Nelson: The cover is so evocative: an elegant, headless mannequin on a heap of rubbish. Why was it chosen, or how do you consider its relation to the poems?

Stempleman: I love that photo. Geoffrey Gatza, the wondrous editor of BlazeVOX sent me a number of photos he had taken to choose from. I was immediately drawn to its headlessness, its posture, and the glow it commanded from all the glass junk. Because as we all know, glass junk is nothing like other kinds of junk. It tends to respond to a cleansing so much better than other garbage.

As it relates to the poems, well, I like thinking that where the head belongs, we all belong—each of our faces belong for however long, giving room to the next person in that line. It reminded me a lot of the earlier sonnets from Shakespeare, where the beauty seemed intact above the decay through remembrance, through the presence of another or the active mind of one thinking of that someone else.

Nelson: How do you see String Parade when compared to your previous books—formal developments, thematic interests, motifs, etc.?

Stempleman: I think I pretty much did what I could do with this question in my earlier response, but in regards to motifs, well, all the poems were written with that which was near. Which of course means in the room, or on my mind, or in the foreseeable future. I am at my worst and sometimes at my best, devoted and attentive to my surroundings.

Nelson: There’s a comical tone in some of these poems. What about humor in your poetry?

Stempleman: When it happens, I'm relieved. I think it's easy to become overly serious in what Williams went into poetry for—the warmth and the loneliness. But with Williams, especially the earlier work from Al Que Quirre, Sour Grapes, Spring and All, etc., there's so often this wry sense of availability he displays. It's as if faced with the vastness of possible outcomes and reactions to single events, he is able to often find the best reaction and temperament to ease us all. What a good doctor! I in no way look for humor in the same way that I believe Williams does, since I know that mine is cut from a more grotesque cloth. It is more of an end of the night humor. Everyone's tired, open, and forgetful enough that whatever's said be understood as not that uncouth upon reflection on the following day.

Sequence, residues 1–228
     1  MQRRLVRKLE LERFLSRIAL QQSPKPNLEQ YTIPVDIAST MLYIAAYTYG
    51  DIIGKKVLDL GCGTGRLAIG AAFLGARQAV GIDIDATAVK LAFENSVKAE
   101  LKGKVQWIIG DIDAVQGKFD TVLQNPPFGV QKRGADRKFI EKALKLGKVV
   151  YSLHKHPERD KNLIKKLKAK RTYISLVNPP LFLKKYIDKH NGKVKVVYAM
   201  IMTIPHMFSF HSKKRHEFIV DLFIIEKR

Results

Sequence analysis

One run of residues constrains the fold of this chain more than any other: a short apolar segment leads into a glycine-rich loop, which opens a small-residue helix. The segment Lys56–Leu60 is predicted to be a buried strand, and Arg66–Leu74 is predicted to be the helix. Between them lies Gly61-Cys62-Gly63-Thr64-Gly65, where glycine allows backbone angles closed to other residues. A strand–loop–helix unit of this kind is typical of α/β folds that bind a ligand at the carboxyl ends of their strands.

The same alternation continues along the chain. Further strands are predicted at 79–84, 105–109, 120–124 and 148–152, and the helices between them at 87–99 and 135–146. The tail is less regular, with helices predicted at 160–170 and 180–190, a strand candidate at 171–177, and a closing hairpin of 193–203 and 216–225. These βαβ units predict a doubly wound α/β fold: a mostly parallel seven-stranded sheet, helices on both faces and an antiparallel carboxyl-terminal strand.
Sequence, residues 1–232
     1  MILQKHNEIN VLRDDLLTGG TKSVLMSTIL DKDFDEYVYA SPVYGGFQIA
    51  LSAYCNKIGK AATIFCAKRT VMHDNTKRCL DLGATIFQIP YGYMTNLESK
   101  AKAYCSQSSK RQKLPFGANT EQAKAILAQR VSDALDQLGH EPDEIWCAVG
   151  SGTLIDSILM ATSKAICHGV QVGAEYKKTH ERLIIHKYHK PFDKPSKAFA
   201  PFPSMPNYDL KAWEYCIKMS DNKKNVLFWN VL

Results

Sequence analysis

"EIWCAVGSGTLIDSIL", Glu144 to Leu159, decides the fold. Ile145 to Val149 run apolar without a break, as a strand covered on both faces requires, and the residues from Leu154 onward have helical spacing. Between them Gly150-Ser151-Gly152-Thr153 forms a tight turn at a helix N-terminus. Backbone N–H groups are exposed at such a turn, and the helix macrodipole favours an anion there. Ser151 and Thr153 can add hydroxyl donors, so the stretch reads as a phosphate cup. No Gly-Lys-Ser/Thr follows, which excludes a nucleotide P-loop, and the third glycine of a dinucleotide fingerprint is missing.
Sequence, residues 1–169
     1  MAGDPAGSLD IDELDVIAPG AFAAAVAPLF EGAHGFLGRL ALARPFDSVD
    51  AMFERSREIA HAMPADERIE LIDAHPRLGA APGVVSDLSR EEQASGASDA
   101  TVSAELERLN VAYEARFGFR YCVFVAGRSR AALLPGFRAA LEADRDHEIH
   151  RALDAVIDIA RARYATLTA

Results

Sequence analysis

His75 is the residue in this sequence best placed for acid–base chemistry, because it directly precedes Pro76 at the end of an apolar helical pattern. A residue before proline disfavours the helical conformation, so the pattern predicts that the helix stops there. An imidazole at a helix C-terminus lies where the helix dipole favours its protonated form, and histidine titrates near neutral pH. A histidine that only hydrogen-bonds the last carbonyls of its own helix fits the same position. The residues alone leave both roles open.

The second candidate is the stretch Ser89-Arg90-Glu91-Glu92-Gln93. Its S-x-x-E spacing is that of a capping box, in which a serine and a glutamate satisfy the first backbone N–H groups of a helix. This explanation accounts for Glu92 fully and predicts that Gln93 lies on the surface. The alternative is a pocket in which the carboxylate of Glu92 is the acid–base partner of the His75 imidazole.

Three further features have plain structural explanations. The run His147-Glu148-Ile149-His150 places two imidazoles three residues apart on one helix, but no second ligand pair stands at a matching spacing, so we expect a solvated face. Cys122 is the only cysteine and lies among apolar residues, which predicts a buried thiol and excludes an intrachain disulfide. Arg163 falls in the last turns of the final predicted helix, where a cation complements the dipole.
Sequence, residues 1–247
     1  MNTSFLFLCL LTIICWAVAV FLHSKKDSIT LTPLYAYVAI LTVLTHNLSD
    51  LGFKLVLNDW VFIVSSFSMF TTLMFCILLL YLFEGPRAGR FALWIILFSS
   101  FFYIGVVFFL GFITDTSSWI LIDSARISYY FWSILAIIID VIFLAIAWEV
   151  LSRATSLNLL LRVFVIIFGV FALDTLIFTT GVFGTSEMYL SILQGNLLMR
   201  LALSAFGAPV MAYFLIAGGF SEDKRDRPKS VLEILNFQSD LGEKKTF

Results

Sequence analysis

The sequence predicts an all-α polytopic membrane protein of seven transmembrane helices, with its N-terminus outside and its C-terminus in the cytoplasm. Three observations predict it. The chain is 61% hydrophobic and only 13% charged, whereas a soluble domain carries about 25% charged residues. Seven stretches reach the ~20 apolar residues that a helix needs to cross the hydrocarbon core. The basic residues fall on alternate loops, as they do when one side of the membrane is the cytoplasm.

Nelson: Are there any traditions or aesthetics that you’re deliberately playing forward? When reading these poems I thought of the Objectivists from time to time.

Stempleman: I wouldn't say I'm playing any particular aesthetic forward in these poems, but rather navigating existing aesthetics, mining preexisting aesthetics that I thought could aide in my acceptance of the vast number that are currently available for our consumption, er, communication. In my bookThe Travels I was very much attempting to have a go at an imagined history with an Objectivist weight of words, rather than of experienced experience. I was definitely after the experienced word. The poems in String Parade felt much more like the cacophonous 20th century of postmodern occupancy. We're all(right) and we're all speaking up and over ourselves at once. Since to go silent is a complete waste of precious resources. String Parade, along with the other two books, were a room full of different perspectives asked to see through to some other side.